Bale and McConaughey are actually really great in this, playing off one another and bringing their acting chops into this action film, which is always refreshing. Butler is good, too, as well as Izabella Scorupco as Alex Jensen – the pilot of the chopper – though they don’t really get as much screen time as Bale and McConaughey.

For a film that’s around ten years old, the special effects hold up surprisingly well. There are only a few instances where you can tell they were using a green screen, which, in the scheme of things isn’t too shabby. It could’ve been a lot worse! My only other gripe is that one of the characters, toward the end, dies in a really anti-climactic way. My jaw dropped open and I just sat there in disbelief in how lame it was.

This film is a fun option if you’ve been jonesing for a dragon movie, but it has its own particular take on the dragon species and there may be other films out there like How To Train Your Dragon that provides a better dragon experience, especially for the kiddos – because this is definitely not a kid’s flick. (But it is a completely different flavor of movie so I guess it’s like comparing apples to oranges.)

JOE Rating: ★★★

Movie Trailer For Reign Of Fire

The Matrix (1999)

The Matrix (1999)

Original Theatrical Release: March 31, 1999
Director: Andy Wachowski, Lana Wachowski (As the Wachowski Brothers)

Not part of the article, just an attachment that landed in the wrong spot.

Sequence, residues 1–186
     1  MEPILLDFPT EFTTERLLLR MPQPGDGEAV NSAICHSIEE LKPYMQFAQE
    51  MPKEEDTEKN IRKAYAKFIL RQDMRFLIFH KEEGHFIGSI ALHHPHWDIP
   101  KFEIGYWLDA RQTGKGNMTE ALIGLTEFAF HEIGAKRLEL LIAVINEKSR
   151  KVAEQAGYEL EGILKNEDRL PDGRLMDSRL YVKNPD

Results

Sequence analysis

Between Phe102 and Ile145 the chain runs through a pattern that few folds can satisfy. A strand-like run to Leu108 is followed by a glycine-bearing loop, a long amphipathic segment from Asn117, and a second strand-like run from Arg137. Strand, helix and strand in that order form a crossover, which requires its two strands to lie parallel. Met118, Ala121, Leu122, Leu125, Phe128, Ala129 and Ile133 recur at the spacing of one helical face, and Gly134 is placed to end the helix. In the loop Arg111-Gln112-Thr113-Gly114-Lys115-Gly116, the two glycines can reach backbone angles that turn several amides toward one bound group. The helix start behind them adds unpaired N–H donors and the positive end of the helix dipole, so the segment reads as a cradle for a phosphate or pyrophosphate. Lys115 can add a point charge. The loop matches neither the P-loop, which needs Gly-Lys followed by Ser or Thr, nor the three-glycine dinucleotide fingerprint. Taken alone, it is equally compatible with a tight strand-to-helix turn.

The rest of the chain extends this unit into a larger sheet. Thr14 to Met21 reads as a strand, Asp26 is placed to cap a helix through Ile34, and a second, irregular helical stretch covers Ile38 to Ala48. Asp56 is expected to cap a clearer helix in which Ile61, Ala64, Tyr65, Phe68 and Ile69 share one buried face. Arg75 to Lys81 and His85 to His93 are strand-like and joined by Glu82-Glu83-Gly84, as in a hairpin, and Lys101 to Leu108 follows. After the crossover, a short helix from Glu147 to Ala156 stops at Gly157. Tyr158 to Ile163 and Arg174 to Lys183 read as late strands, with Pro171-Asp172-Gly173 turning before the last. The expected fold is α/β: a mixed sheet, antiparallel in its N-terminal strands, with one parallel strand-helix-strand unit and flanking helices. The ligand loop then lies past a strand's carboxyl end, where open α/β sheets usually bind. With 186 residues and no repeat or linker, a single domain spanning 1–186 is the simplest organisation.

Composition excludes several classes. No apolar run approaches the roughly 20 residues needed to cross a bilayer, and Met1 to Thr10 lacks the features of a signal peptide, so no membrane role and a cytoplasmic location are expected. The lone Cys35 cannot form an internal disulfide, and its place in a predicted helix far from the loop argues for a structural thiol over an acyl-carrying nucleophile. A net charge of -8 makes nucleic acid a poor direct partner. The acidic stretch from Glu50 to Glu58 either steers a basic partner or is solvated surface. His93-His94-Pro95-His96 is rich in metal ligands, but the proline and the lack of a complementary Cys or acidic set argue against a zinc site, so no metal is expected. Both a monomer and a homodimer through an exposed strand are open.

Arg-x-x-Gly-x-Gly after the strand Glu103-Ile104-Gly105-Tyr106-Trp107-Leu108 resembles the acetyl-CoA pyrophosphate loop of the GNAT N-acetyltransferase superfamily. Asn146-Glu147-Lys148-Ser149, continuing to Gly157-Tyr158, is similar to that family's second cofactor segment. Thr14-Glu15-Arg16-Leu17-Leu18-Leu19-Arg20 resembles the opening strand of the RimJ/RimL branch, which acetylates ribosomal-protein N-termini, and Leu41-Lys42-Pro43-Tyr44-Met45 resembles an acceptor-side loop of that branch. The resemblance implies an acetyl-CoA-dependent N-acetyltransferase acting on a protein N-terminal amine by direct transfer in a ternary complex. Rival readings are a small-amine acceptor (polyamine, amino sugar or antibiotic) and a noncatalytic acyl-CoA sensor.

Neo (Keanu Reeves), a computer hacker, feels a bit out of place in the world. He’s constantly on the search for something he feels is missing in his life and finds it in the form of Trinity (Carrie-Ann Moss) who explains to him that not everything is what he thinks. She leads him to Morpheus (Laurence Fishburne), who tells Neo that he may just be the one who can save mankind from their evil machine overlords.

When I first saw this movie in theaters, I don’t remember having any special expectations of it. My uncle and I had just returned from a trip to Boston, where we tried out the Omnitheater; a massive screen that wraps around you and makes you feel like you’re actually there. Still jittery from that experience, we were uncomfortable in the normal theater as The Matrix started, re-living the discomfort we experienced just a day or two before in Boston.

When the movie started, though, and the beautiful images and great story unfolded on the screen, it was all forgotten. From the moment Trinity leaped into the air and froze before kicking the police officer in the chest, I was hooked and my jaw was dropped open in enjoyment and appreciation the entire time.

I hadn’t seen anything like it, up until that time. I don’t really like the sequels as much, but Matrix: Reloaded isn’t bad. (I really disliked Revolutions, but I will get to that in another review)

This movie changed the game in cinema-land and we are still seeing copycats and works inspired by the Matrix even in 2013.

The actors were all great (yeah, even Keanu). The soundtrack was amazing. The cinematography and special effects were astounding. The fight choreography from Yuen Woo Ping was great, and the script by the Wachowski Brothers was tight. The film was just one slick package all around, and I don’t think we’ll have another great spectacle like it for quite a while. (Watch, I bet there will be a re-boot soon).

JOE Rating: ★★★★★

Movie Trailer For The Matrix